Leila Hassan Howe, one of the key figures in the black community’s response to the New Cross fire. Photograph: Yves Salmon/The Guardian
In 1981, the British black power movement had been active for at least two decades. Self-help was key, building up education and community support to fill in the gaps left by the neglect of the state. When I interviewed Leila Hassan Howe, who in 1981 was deputy editor of Race Today, for a profile last year in the Guardian Black Lives series, she explained that by the time of New Cross there was “a militancy in the black population and we had to take a stand”. As part of the Race Today Collective, Hassan Howe, along with her future husband, activist Darcus Howe, John La Rose, representing the Black Parents Movement, Roxy Harris and others arranged a community meeting at the local Moonshot club following the fire. She remembers that they were expecting 70-80 people but more than 300 turned up and she “realised that this was a movement of change – something different has happened”. Out of the meeting came the New Cross Massacre Action Campaign (NCMAC). Support was so widespread that £50 of the £19,000 raised for the families came from black prisoners at Wormwood Scrubs.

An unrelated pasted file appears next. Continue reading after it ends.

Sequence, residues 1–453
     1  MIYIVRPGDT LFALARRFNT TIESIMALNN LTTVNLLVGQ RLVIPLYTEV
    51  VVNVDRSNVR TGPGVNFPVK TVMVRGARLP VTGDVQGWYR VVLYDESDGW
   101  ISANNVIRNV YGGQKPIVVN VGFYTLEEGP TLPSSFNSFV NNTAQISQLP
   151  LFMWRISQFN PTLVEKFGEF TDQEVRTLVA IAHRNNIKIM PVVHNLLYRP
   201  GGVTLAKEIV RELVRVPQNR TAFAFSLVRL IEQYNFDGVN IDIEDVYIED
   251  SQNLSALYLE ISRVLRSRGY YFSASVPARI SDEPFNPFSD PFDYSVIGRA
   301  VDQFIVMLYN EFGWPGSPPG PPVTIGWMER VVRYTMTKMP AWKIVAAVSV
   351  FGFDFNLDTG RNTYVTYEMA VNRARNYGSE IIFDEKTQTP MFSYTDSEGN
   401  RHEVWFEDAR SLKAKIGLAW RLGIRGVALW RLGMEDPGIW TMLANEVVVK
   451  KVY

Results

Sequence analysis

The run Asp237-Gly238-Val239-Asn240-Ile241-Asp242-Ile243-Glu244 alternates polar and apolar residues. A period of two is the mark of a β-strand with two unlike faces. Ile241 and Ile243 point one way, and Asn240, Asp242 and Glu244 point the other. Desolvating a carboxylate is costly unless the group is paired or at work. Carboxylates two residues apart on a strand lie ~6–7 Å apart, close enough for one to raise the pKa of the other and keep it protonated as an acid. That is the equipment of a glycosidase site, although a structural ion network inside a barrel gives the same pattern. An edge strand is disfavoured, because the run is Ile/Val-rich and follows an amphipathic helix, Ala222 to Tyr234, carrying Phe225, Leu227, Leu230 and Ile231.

Weekly meetings were held and momentum built up for the National Black People’s Day of Action, which was to be an eight-hour event on 2 March 1981. Gutzmore remembers that they were keen not to “rush into the march, we needed to give ourselves time to organise and mobilise properly”. Hassan Howe explained they were eager to make sure it was “not a traditional leftwing demonstration” where they marched, had no impact and then went back to their lives. They chose a Monday to march from New Cross into central London to “disrupt the working day”. Trinidadian intellectual CLR James had an important impact on the black power movement in Britain and Hassan Howe recalled his advice to not “assume that London is Britain”. Making the day a truly national event was a priority and Darcus Howe toured the country. He was aided by Professor Gus John, one of the foremost black voices on education in Britain. Overall, more than 70,000 leaflets and 10,000 posters were distributed nationally and John arranged for more than six busloads of protesters from Manchester alone.